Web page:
So I know when you read the title all you could think about was ‘what is it??!’ Anyone who is a nurse or on their way to being a nurse can use this piece of advice!
We live in the world of life and death. I don’t think anyone will argue with me on that. We can have many levels of definition when we are asked what a ‘bad day’ really is. In the end, we shoulder a lot of responsibility caring for our patients, and we sure don’t want to make ‘that one mistake’.We’ve all made mistakes. I know I have. Some small, some great, some breath-taking, and some are quite comical. At the end of the day we are all human right? Aren’t we entitle to tripping up once in a while?
I think it has a lot to do with HOW we learned of our mistake sometimes that can determine how that mistake impacts us. In nursing school I remember a patient of mine having an IV site issue. The nurse caring for him did some adjustments to his IV site. While addressing the IV, she raised the bed up high enough to be close to waist-height (more than likely to lessen the strain on her back while troubleshooting). That particular day it was my big day to hang my first IV. I got to prime the tubing, lock it into the IV pump and then attach it to the patient (I think we all remember that first time). I was nervous as all get out. I had followed the steps prior to entering the room. I rehearsed them in my head before I approached the IV pump. I check and triple checked the tubing. Reviewed the 7 rights, etc., etc.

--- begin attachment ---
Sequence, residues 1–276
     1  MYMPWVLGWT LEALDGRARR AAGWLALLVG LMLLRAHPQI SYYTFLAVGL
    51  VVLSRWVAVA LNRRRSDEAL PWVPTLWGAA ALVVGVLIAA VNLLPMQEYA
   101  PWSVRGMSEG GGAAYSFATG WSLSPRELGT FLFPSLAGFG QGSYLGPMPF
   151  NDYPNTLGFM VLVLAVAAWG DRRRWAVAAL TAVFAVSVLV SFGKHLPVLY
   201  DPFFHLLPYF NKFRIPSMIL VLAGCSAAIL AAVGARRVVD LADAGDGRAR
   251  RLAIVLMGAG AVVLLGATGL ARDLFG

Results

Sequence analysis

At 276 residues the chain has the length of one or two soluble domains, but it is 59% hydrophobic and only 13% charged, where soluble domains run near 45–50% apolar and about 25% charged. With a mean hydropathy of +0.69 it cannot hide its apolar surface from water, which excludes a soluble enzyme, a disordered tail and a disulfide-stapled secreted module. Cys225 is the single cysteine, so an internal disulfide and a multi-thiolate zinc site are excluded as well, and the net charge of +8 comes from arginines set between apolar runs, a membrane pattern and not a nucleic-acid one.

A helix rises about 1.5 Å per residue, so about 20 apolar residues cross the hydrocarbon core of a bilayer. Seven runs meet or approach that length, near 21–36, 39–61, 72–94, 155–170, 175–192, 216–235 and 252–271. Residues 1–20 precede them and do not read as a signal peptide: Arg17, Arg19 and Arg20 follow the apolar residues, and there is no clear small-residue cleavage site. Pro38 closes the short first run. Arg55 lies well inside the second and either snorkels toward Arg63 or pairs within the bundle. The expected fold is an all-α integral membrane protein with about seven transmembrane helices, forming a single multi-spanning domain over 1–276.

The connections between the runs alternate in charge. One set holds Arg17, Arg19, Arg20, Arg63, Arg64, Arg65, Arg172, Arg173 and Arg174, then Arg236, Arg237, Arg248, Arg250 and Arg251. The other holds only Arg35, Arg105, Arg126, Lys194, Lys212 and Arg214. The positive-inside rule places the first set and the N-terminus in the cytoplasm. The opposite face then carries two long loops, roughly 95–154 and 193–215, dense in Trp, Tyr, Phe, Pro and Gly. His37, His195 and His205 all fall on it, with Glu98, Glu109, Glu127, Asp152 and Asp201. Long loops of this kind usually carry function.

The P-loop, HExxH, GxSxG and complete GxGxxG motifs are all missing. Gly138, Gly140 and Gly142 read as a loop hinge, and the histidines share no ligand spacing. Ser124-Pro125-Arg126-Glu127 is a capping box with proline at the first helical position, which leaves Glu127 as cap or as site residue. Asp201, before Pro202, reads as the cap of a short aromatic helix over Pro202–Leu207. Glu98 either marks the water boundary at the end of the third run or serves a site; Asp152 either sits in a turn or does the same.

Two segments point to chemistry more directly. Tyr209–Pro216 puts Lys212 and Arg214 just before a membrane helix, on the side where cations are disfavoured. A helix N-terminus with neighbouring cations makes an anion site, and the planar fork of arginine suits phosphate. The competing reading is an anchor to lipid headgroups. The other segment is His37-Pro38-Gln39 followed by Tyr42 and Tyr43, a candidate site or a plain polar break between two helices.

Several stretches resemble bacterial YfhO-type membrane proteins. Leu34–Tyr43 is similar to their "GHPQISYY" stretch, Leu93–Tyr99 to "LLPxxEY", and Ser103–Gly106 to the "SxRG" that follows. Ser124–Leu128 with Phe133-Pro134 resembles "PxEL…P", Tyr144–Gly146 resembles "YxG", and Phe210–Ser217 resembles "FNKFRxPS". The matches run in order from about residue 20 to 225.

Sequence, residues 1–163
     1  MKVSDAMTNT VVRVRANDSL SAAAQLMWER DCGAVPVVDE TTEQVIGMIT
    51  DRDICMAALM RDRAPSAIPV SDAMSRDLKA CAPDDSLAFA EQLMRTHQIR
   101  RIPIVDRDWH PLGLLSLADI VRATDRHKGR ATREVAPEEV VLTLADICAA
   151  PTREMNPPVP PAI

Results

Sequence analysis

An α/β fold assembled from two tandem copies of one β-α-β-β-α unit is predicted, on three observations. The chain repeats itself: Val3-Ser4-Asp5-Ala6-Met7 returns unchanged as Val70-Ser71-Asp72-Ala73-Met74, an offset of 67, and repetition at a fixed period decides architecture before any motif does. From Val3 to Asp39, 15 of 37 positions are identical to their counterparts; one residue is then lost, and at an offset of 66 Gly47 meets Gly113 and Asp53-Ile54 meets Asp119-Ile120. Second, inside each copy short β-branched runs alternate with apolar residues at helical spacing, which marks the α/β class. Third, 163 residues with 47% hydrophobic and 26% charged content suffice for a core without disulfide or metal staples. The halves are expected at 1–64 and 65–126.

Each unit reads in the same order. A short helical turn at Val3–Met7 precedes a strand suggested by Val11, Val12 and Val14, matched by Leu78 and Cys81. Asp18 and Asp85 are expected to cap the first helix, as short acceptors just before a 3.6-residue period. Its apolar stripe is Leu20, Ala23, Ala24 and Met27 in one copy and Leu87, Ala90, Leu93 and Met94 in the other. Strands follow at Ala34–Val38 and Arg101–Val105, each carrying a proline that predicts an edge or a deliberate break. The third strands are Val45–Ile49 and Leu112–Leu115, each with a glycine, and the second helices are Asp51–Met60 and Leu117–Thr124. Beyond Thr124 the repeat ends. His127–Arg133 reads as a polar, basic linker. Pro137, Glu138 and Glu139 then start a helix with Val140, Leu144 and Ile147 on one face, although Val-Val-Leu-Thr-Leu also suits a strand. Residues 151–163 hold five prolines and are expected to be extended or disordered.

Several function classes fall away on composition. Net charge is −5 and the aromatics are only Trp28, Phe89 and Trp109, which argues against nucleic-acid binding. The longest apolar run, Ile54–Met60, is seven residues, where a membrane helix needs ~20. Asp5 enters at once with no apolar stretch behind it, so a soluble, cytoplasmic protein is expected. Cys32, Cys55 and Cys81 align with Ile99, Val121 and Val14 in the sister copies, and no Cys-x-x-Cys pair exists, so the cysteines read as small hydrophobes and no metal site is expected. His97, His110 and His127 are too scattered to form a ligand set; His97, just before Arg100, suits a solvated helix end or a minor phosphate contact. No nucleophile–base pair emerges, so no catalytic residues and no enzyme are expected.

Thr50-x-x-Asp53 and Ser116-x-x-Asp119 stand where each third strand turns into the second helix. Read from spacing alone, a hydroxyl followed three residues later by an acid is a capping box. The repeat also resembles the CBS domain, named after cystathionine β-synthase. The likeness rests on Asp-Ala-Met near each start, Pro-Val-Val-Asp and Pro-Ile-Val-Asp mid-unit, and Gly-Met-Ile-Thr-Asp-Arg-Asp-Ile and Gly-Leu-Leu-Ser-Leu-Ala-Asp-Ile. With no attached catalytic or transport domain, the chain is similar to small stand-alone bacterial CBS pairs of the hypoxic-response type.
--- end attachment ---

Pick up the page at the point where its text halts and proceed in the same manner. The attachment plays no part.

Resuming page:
I successfully hung the med and had it infusing properly with no alarms and no messes! When I was getting read to leave the patients bedside, my nursing instructor asked if I forgot anything? Silently in my head I panicked and retraced all my steps four more times. Check, check, re-check.